© 2016 Shmoop University, Inc. All rights reserved.

Media Literacy

You'll never watch TV the same way again.

If you're reading this, you're literate. Congratulations! But are you media literate? Can you read TV, ads, music, and Facebook posts as well as you read everything else?

In this lightning-fast fifteen-lesson course, we'll break down the main topics in Media Literacy: critical media consumption, bias, intellectual property, and basic communications theory. Oh, and because we love to have standards, the course has been designed to meet the standards for the National Association for Media Literacy Education (NAMLE). You're welcome.

Course Breakdown

Unit 1. Media Literacy

These lessons will give you all the deets on how to read media: from TV to advertisements to the Interwebs and back again.

Sample Lesson - Introduction

Lesson 9: Private School, Part 1: Beware the Share

Don't you want everyone to constantly know exactly where you are, what you're doing, what you look like, what you're saying, and which websites you're visiting?

Unless you're a contestant on Big Brother, the answer is probably no. Most people in America want a little (or a lot) of private time, and they want to be able to do whatever they desire (ahem) without anyone watching.

You gotta watch what you do in public—you never know when Strawberry Shortcake may be spying on you.


At the same time, though, we're sharing more of our personal lives than ever these days. There's Facebook, Instagram, Twitter, Tumblr, Pinterest, Vine, and hundreds of other places to share your personal information.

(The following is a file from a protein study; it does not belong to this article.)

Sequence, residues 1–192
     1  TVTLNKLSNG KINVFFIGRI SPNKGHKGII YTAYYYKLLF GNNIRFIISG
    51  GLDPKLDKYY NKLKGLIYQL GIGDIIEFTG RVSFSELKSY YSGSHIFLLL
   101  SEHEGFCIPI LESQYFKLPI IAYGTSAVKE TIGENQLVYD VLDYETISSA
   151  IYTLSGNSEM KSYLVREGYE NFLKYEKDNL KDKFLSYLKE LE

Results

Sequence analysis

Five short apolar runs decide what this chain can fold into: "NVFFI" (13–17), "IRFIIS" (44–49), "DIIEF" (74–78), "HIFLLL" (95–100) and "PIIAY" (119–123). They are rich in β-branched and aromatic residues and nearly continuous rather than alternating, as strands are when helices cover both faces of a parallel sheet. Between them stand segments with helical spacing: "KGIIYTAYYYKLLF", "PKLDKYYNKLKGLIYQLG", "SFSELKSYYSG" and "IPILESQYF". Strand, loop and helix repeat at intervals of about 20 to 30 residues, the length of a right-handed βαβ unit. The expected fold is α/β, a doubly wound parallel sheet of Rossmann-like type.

So how do we balance the desire to share information and the desire to keep some of it to ourselves? Phone number? Home address? Social security number? Pictures of your Superman underoos? You don't want that to be online, seriously.

But it's getting harder to control what's out there.

Almost everybody's got a camera in their pocket that can post photos to the Internet in seconds. Nothing's stopping anybody from snapping a picture of you, tagging it by time and location, and uploading that sucker online. And once a piece of information is out there on the Internet, it's really (really) hard to take down. As if that weren't enough, there are new inventions on the horizon that'll make it even tougher to stay out of the public eye. Google Glass, anyone?

We'll spend the next two lessons working through the question of privacy on the Internet. First stop: oversharing.

  • Course Length: 3 weeks
  • Grade Levels: 7, 8, 9, 10, 11, 12, College
  • Course Type: Short Course
  • Category:
    • Humanities
    • Life Skills
    • Technology and Computer Science
    • Middle School
    • High School

Just what the heck is a Shmoop Online Course?

Courses Tutorial